Date: September 23, 1997 (Rev. 8/17/06)
Editors: N. Gmur, W. Thomlinson
Recently, two researchers working at the NSLS were injured when a dewar ruptured. The dewar was, in reality, a coffee thermos with a screw top which had been transported in the passenger compartment of an airliner. The thermos contained vials of liquid and biological samples cooled by shaved dry ice. Typically, the screw top was kept loose to allow the CO2 gas to escape. The evening the thermos arrived at the NSLS, the screw top was tightened enough such that gas could not escape. How this occurred is not known for certain. The following day, the owner could not remove the screw top and solicited the help of a colleague. Neither person fully appreciated the fact that they were, in fact, working with a type of bomb. The top of the over-pressurized thermos ruptured, spraying the two researchers with its contents and creating projectiles which landed over 20' away. All parties were extremely lucky that they walked away with minor injuries. The results could have been much worse.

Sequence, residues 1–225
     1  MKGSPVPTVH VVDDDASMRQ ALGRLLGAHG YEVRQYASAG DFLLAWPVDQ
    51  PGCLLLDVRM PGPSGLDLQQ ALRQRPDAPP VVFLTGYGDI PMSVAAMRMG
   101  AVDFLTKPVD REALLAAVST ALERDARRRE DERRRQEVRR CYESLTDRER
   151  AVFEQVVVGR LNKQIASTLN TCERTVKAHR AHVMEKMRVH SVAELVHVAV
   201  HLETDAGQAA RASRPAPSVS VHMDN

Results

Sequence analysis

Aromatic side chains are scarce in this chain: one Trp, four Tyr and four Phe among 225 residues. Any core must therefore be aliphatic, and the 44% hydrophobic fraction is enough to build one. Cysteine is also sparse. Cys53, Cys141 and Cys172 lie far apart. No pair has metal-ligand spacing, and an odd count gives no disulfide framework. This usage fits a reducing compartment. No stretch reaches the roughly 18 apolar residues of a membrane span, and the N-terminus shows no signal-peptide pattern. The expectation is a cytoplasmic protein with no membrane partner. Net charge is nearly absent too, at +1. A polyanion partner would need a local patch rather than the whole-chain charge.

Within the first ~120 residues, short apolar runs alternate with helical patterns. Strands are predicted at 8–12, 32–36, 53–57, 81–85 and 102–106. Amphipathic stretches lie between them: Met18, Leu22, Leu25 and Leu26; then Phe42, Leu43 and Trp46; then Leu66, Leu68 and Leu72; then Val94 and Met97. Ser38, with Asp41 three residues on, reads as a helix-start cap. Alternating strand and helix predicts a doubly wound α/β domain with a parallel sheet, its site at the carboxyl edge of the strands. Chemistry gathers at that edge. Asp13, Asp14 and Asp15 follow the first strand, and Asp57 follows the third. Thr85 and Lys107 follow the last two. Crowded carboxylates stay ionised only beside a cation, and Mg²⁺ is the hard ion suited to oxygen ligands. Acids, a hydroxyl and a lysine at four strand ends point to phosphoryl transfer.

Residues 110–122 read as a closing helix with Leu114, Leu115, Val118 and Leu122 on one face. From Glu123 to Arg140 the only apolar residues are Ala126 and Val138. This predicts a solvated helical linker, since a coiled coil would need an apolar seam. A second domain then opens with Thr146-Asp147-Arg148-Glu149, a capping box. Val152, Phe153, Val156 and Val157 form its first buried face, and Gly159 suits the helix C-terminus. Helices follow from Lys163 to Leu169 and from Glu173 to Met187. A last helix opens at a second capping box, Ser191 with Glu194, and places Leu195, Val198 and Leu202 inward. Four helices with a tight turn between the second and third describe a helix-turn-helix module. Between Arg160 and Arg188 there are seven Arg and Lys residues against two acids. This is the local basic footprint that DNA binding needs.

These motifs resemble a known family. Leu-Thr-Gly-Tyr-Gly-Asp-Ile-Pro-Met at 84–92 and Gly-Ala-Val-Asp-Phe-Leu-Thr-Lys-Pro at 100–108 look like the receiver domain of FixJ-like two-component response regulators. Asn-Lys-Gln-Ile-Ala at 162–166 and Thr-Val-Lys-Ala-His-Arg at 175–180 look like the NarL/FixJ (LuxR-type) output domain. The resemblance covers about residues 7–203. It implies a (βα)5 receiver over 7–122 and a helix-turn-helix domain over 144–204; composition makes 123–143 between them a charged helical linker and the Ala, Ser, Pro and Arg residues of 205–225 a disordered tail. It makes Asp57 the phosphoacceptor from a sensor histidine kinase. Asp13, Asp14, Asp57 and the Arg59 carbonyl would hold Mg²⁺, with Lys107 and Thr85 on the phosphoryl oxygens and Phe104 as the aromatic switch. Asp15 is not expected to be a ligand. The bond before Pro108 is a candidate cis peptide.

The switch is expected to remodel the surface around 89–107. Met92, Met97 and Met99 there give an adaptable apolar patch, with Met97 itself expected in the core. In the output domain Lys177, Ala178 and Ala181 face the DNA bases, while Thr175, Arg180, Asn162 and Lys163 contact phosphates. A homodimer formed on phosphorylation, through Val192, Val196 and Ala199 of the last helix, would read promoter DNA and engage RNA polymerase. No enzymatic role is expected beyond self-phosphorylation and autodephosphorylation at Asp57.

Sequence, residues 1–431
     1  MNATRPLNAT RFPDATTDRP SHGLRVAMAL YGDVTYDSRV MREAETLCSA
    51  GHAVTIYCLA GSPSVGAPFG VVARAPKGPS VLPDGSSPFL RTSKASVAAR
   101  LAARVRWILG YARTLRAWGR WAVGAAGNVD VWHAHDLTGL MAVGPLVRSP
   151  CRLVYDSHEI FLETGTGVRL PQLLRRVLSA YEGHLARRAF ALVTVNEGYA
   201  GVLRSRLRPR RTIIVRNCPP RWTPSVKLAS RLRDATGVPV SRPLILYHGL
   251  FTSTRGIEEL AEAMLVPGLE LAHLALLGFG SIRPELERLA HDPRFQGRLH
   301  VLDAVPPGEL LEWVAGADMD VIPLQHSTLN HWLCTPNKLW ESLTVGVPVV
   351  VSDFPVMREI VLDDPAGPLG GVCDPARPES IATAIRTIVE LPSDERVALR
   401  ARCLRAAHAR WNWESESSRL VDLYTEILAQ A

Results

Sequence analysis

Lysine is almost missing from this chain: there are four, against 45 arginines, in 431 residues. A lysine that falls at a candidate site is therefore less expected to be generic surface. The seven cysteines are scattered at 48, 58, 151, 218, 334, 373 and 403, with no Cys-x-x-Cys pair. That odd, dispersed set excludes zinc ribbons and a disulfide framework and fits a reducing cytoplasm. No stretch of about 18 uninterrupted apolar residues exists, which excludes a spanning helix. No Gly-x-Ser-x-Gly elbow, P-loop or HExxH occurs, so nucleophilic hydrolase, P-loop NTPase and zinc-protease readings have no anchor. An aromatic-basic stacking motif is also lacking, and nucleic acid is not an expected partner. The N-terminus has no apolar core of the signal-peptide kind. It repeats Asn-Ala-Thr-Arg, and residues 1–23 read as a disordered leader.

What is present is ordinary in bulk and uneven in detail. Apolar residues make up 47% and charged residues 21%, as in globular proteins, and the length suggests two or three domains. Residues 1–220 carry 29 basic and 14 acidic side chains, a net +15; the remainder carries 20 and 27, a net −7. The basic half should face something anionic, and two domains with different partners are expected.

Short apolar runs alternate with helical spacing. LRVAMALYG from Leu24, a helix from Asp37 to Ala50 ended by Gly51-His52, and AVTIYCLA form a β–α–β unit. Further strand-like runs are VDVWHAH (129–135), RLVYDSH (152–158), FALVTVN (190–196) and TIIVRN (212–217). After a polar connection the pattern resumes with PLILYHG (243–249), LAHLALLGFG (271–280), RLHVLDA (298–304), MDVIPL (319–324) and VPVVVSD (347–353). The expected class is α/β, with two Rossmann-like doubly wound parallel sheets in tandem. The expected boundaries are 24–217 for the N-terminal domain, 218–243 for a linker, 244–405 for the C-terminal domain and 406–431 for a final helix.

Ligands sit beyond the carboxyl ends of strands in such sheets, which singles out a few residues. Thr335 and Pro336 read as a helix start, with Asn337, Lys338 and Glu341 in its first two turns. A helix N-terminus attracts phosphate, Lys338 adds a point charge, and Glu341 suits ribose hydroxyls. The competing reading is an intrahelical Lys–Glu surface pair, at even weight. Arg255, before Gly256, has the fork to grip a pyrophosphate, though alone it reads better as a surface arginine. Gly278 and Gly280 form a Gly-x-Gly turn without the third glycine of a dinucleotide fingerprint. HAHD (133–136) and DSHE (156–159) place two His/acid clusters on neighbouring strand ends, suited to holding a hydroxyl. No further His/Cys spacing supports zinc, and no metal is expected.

As a result of this incident, the following rules are now in effect:
Beamline Spokespersons and Local Contacts must enforce these rules. Operations Coordinators will monitor this enforcement. Thermoses with screw tops which are used as cryogenic vessels will no longer be tolerated on the NSLS experimental floor.
Use Styrofoam containers with loose fitting tops when transporting or storing samples in dry ice.
Use a CryoPak Series Biological Shipper or its equivalent when transporting samples in liquid nitrogen. The absorbent filler holds several pounds of liquid nitrogen, thus no free liquid can pour out if the unit is tipped over. The foam necktube core allows venting of the nitrogen gas. A hardshell container may be purchased for long distance shipping purposes.